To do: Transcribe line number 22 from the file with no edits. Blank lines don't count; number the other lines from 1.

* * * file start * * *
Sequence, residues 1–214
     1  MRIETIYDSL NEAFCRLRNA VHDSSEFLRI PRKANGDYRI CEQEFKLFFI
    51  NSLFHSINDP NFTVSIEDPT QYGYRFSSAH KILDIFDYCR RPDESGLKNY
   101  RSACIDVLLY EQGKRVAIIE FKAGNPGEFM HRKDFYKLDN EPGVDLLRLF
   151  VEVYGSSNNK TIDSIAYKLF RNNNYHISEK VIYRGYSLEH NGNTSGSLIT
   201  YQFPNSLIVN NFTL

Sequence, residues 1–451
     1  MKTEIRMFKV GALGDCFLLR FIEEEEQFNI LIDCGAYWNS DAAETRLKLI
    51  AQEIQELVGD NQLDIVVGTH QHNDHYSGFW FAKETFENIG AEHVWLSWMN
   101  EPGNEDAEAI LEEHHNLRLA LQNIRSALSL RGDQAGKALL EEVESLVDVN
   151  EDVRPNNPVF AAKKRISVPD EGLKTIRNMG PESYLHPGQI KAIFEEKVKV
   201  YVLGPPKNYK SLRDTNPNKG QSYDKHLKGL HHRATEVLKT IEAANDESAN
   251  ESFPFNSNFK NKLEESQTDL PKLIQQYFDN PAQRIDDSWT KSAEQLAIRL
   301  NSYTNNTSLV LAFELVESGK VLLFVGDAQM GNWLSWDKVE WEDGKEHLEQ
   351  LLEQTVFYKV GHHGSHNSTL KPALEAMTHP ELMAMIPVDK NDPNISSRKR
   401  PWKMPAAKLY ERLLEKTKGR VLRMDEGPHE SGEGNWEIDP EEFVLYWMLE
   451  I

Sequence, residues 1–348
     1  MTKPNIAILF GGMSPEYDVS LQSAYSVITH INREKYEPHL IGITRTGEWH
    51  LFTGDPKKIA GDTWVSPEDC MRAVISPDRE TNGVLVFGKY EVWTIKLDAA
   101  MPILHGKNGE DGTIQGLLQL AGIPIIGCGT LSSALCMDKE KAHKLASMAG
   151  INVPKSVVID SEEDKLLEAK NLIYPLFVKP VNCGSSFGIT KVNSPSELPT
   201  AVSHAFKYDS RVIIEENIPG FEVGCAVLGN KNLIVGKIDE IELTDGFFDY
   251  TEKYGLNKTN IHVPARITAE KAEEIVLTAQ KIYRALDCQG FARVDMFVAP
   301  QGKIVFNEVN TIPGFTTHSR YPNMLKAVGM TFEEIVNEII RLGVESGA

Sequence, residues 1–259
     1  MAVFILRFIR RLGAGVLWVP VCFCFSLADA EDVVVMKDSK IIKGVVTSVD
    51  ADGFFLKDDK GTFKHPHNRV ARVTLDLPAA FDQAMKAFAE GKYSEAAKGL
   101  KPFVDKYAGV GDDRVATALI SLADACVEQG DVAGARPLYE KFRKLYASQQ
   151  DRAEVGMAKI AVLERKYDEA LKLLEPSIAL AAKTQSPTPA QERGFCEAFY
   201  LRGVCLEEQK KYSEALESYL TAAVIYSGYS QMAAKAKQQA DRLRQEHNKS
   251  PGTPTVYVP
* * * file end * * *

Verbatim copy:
   151  INVPKSVVID SEEDKLLEAK NLIYPLFVKP VNCGSSFGIT KVNSPSELPT